Dr George Sharbeen

Identifying therapeutic targets for pancreatic cancer

George works at the Lowy Cancer Research Centre at the University of New South Wales, and seeks to identify new therapeutic targets for treating pancreatic cancer, supported by Cure Cancer Australia.

The research

“Our achievements to date include the identification of proteins in cell walls as therapeutic targets, and the development of a nanoparticle that can travel through the blood stream, enter pancreatic tumour cells and inhibit any target of interest,” he says.

“Our findings represent a larger body of work which has the potential to lead to more effective treatments for tumours in pancreatic and other types of cancer, and improve survival rates.”

Pancreatic cancer is currently the fifth-leading cause of cancer-related death in Australia. It is hard to treat because it is highly chemo-resistant and spreads readily to other parts of the body.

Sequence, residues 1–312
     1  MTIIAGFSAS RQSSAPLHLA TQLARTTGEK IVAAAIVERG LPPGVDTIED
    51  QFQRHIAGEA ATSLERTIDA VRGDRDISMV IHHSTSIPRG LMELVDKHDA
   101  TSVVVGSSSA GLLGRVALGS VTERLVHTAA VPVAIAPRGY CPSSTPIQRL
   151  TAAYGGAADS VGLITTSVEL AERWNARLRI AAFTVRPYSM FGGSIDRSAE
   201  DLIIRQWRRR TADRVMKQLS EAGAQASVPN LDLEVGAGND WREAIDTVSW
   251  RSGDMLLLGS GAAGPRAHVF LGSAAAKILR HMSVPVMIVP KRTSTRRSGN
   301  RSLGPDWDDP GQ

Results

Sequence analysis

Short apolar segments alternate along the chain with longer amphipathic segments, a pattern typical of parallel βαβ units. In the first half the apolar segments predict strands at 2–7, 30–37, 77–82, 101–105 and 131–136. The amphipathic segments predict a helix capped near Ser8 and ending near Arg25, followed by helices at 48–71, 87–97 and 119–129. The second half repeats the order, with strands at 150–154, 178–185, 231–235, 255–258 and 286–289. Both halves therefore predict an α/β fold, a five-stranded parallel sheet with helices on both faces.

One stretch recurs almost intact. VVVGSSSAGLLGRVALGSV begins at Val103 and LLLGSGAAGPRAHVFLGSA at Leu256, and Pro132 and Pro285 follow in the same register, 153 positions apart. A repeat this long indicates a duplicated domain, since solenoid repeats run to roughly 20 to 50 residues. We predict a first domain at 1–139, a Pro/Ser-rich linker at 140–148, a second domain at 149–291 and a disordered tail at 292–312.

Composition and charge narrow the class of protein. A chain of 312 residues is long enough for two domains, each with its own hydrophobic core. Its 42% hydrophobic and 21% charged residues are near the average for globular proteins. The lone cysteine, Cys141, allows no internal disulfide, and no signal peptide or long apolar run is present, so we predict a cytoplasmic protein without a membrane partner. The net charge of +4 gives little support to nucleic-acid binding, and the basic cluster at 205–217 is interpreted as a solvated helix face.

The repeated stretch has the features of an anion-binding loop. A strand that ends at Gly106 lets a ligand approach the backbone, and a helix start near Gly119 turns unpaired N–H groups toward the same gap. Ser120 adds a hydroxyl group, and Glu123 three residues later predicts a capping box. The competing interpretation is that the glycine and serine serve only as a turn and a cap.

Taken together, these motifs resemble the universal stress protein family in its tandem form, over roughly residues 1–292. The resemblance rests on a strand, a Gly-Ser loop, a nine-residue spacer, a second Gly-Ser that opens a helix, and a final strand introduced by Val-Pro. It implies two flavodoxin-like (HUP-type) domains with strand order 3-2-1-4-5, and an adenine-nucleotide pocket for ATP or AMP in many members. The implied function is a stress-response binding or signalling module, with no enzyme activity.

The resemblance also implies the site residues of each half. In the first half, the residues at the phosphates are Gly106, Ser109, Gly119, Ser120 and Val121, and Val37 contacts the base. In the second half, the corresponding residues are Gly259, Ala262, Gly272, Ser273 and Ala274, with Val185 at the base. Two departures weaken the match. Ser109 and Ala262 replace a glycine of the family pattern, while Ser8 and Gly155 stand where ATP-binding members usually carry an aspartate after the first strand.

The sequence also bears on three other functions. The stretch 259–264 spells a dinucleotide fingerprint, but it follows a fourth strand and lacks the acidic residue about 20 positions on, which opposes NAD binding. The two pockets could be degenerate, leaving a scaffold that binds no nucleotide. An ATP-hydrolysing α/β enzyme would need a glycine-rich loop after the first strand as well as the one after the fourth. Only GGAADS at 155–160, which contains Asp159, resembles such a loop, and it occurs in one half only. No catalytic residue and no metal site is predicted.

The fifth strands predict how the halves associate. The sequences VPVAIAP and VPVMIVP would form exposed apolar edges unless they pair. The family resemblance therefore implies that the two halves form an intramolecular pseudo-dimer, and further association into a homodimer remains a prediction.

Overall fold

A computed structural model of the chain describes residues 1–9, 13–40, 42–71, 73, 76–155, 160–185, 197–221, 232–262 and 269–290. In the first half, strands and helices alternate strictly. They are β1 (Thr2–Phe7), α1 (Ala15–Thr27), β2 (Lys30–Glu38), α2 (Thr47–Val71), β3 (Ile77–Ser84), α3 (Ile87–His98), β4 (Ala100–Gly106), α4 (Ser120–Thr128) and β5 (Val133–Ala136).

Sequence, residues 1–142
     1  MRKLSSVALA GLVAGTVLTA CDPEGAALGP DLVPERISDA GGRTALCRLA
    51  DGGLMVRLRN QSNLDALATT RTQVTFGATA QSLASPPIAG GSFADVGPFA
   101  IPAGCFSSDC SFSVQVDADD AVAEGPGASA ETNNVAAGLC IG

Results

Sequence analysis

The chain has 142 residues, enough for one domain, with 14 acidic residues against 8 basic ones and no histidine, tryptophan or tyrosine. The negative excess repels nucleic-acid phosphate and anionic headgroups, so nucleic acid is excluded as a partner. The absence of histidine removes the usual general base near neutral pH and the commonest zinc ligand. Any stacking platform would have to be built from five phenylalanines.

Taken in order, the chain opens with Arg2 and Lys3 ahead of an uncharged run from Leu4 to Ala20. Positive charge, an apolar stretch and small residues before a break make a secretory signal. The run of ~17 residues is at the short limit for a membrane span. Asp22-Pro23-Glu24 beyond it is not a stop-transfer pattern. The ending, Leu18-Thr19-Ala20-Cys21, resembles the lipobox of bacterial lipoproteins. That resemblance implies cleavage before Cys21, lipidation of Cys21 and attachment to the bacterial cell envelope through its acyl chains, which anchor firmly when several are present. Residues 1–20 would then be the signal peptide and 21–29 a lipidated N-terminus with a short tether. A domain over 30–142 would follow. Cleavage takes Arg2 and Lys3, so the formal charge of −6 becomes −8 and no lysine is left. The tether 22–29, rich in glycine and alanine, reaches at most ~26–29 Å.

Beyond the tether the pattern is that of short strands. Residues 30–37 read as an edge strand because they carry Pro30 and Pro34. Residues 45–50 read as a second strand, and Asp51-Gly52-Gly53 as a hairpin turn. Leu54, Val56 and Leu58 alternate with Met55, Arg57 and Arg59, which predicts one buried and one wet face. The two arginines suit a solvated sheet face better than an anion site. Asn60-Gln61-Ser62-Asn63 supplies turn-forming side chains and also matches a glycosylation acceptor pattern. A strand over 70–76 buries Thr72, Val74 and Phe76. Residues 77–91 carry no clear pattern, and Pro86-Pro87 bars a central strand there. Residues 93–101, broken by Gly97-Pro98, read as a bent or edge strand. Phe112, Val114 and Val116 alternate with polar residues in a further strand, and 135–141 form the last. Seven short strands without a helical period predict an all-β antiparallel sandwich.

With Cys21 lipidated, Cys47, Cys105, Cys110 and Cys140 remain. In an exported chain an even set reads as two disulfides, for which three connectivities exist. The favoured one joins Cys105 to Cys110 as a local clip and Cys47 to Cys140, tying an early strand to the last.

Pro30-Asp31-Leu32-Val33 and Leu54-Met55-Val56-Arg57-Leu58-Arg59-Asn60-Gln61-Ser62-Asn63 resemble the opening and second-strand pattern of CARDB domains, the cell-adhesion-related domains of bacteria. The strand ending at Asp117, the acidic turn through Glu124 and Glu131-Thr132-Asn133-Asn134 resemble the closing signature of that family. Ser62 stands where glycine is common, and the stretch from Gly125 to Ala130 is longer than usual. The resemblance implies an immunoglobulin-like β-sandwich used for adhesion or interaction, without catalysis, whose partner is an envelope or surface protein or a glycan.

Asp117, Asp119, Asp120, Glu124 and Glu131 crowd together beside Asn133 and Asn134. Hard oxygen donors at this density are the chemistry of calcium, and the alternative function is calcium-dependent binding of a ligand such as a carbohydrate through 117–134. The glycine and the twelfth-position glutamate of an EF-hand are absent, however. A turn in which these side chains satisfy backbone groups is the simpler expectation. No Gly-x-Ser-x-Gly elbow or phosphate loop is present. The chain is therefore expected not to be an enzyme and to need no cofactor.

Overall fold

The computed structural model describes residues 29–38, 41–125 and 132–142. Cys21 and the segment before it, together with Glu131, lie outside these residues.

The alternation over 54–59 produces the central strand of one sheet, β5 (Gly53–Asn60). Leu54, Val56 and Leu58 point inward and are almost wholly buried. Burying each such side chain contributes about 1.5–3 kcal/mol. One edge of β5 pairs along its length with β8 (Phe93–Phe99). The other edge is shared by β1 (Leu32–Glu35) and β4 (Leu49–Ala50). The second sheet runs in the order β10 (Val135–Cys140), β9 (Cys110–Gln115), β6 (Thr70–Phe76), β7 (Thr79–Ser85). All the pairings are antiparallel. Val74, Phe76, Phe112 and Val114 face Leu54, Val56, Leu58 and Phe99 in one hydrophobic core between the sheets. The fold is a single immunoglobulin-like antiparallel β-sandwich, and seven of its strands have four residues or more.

George feels the urgency of his work, particularly having lost family members to cancer himself.

“It’s a constant reminder of the struggles patients and their families face,” he says. “I believe it’s my responsibility to ensure my work is always focused on improving patient survival and quality of life.”

Hope in the fight

To those who have helped fund George’s work through their donations or fundraising, he says:

“Your time, effort and donations not only give hope in the fight, they help fund future generations of research leaders who’d otherwise not get a chance to develop the track record they need.”

On a personal level, George says that it is easy to become consumed by work in cancer research. “One of the biggest challenges is setting aside time to recharge and step back and re-evaluate research in the grander scheme,” he says.

When he does find the time, George enjoys indoor rock climbing. He particularly enjoys the physical exertion and problem-solving skills that the sport requires.

 

George is funded by Cure Cancer Australia through the Cancer Australia Priority-driven Cancer Support Scheme. His grant is solely supported by The Can Too Foundation.

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